Terpsichore, a ballet



Prima Ballerina  Terpsichore, Goddess of the Dance

Danseur Nobel Alexander. a crippled, mortal, peasant

Danseur  # 1 Zeus, King of the Geek Gods

Danseur  # 2 Erebus, Greek God of darkness

Scene 1

A bucolic area. A painting of Mt. Olympus in background with a greek temple on top.

Various gods and goddesses of the Corps, dancing. This all centers on Terpsichore.

Mid-way, Alexander enters in loose peasant outfit.  His legs are bent and he walks using crutch sticks. He is assisted by two peasant friends. He sits on a chair, enviously, looking at the dancers. Everyone makes fun of him with cripple gestures and laughing.

He’s embarrassed, but points to his weak legs.

More dancing. Terpsichore comes over.

He appeals for her love, hands over his heart, then out stretched to her.

Terpsichore laughs at him and dances away. More dancing.

Cymbals crash, horns blare and lighting flashes, black, flash, black. The lights come up.

Zeus appears on stage in a gold lamè costume.

All cringe and supplicate at his magnificence.

Zeus beckons to Terpsichore. She gestures. Moi?  Yes. They dance together.

Each with a bravura single. Then the Corps, for breather. Then a pas de deus.

Zeus notices Alexander and motions him to dance.

Alexander indicates his love for Terpsichore, then points to his legs, facing the audience.

Zeus, urges him up on his crutches. He is helped by his two friends.

Zeus gestures. Cymbals. Horn. Lightning flashes, blackout, flash, a longer blackout. lights up.

Alexander is transformed. His costume has fallen away. His crutches fall to the floor.

Zeus encourage him to dance. But his legs are still weak.

Zeus muses. Asks a girl for water to drink. she hands him a brown, flat bottle.

He holds it up to his ear and shakes it. Yes its full. His right hand thrusts it to the sky.

It is now a GOLD bottle. He hands it to Alexander, indicating he should drink.

Alexander upends it and drinks it down. And becomes the Danseur Noble.

Zeus exits.

Alexander does some slow warm ups, getting a feel for his new found ability.

Then a bravura. Terpsichore does a bravura indicating her new love for Alexander.

the Corps does a turn, giving them a rest. Then a pas de deus.               

Cymbals crash, horns blare, lighting flashes, black, flash, black. Lights come up.

Erebus appears on stage, dressed in black. He too loves Terpsichore.  She scorns him.

Infuriated, he gestures toward Alexander, who fall to the floor dead.

His friends carry his body over to a low bench, and drape a sheet completely over him, including his face. His outline is shown under the sheet.

Terpsichore is grief stricken and mourns at his side.

Erebus, gloating, forces her to dance. Then drags her off stage.

          END OF ACT ONE

                ACT TWO

Same place. Erebus and Terpsichore enter. She with a diaphanous, black covering, over her white costume.

Erebus does a bravura. Then Terpsichore.

The Corps dances to give them a breather. Then a pas de deus.

Zeus enters. Erebus slinks to the background.

She and Zeus do a pas de deus.

Zeus asks where is Alexander? Terpsichore points to the lifeless body on the bench.

Who did this? She points to Erebus.

Zeus calls Erebus to the center of the stage. Did you do this?

Erebus dances a plea for mercy

Zeus not impressed He gestures at Erebus. Cymbals. Erebus crumples to the floor.

Zeus hands him the crutch sticks.

Erebus hobbles off stage. A cripple forever.

Zeus goes over to Alexander, and makes a grand gesture. Cymbals, horns.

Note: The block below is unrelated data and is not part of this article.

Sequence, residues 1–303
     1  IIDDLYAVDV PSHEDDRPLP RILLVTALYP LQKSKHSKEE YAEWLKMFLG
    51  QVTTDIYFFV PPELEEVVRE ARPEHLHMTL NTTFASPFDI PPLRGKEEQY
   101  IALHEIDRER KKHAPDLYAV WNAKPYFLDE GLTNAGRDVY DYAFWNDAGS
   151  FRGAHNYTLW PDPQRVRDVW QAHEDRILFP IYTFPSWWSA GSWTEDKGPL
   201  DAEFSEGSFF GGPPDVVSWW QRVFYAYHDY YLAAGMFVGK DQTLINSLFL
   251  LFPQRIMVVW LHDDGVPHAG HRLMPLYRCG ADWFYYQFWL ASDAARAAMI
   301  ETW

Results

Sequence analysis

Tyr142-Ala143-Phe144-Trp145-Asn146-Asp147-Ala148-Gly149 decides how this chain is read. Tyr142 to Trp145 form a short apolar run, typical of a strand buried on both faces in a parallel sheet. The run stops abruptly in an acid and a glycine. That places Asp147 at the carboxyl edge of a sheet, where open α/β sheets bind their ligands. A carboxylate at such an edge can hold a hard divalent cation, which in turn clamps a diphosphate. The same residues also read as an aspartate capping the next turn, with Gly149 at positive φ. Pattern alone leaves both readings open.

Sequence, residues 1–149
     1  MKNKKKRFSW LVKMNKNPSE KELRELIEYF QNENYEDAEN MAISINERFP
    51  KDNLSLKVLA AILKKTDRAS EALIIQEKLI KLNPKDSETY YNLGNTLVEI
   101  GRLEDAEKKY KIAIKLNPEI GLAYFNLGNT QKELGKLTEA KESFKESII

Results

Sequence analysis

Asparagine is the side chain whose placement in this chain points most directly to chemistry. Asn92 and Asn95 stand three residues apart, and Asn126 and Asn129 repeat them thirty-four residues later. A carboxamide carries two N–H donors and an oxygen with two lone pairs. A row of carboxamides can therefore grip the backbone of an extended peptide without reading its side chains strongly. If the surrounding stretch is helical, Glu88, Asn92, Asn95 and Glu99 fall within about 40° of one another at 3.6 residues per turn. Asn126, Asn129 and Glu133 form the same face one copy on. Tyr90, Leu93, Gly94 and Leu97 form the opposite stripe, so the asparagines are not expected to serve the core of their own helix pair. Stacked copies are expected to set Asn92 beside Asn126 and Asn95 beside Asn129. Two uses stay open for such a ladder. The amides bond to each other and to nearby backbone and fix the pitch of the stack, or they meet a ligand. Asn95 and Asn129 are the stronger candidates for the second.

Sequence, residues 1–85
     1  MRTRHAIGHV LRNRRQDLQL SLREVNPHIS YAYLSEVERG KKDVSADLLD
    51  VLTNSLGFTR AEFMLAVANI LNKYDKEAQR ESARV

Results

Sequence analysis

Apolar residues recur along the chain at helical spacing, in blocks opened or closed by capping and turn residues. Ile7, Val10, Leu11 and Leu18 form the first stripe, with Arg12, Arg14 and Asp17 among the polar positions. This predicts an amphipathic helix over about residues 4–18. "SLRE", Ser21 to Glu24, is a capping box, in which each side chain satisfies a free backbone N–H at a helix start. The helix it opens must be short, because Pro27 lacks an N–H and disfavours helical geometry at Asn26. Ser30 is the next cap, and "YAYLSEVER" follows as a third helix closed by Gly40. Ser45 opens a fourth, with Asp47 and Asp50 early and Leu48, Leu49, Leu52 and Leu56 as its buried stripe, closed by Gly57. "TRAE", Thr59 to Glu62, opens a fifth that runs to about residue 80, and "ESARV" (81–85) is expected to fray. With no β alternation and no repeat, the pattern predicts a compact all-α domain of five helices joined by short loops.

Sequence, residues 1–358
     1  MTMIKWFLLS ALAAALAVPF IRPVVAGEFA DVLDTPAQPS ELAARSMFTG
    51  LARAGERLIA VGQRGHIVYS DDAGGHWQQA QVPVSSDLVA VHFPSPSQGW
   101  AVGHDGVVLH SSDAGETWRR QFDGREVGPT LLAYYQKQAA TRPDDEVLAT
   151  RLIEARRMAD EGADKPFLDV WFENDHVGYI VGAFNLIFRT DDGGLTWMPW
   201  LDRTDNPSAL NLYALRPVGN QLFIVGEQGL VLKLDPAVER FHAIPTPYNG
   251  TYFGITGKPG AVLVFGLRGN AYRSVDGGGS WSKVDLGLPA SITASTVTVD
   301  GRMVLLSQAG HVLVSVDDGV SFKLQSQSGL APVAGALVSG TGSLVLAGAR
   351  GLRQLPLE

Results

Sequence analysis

They pull the sheet off Alexander. He’s back from he dead, in shimmering white.

All rejoice. Terpsichore throws herself in his arms.

They do a pas de deus. Rejoicing, he does a bravura. Terpsichore does a bravura.

Zeus does a bravura.  Zeus gives the lovers his blessing.

But Alexander hesitates. He indicates that Terpsichore is immortal. But he is human, and will die of old age.

Zeus laughs. He motions for Alexander to kneel before him.

Zeus is facing the audience. Alexander kneels on one knee, facing him.

Zeus makes grand gestures over Alexander. He indicates that Alexander will live forever.

There’s a big wedding, with much costumed dancing.

Then Terpsichore and Alexander dance off to their wedding night.




Alexander is wearing a ‘Break-away’ peasant costume. He is helped on stage, by two friends, and sat in a chair. He never moves. When He does get up, he is helped by the same friends. His lack of movement helps conceal the fact that his costume is rigged. (See, quick-change artists on Britain’s Got Talent.) While the audience’s attention is elsewhere, the bundle is taken off stage.


The flask is a shiny, gold plated, flattened metal flask, covered with brown tissue paper. the paper is perforated along the edge. As Zeus brings it up to his ear, he starts to rip it off. As he dramatically thrusts it into the air, he finishes the task, and crumples the tissue into a tiny ball. He hands this off to a dancer.


The bench is longer than Alexander, so when he is covered with the sheet, it can be flattened down past his head and feet. As the sheet is being lowered (from the front), he

rolls off the bench, onto a soft pad on the floor behind. He can be comfortable there till

the end of scene one. It has a mirror between the two supports, so you can’t see behind it.


Use the same wire frame that stage magicians use for the Rising Body Trick,

where a body covered with a sheet rises into the air. He pulls the sheet away, and there

is nothing there.


Alexander has changed costumes between acts. He takes his place under the sheet.

the sheet is very breathable. He waits till he  is reborn. (See how he tolerates this). If not,

he can lay on the pad  and slip onto the bench, as the sheet and frame are being removed.

This must be practiced, to go smoothly.


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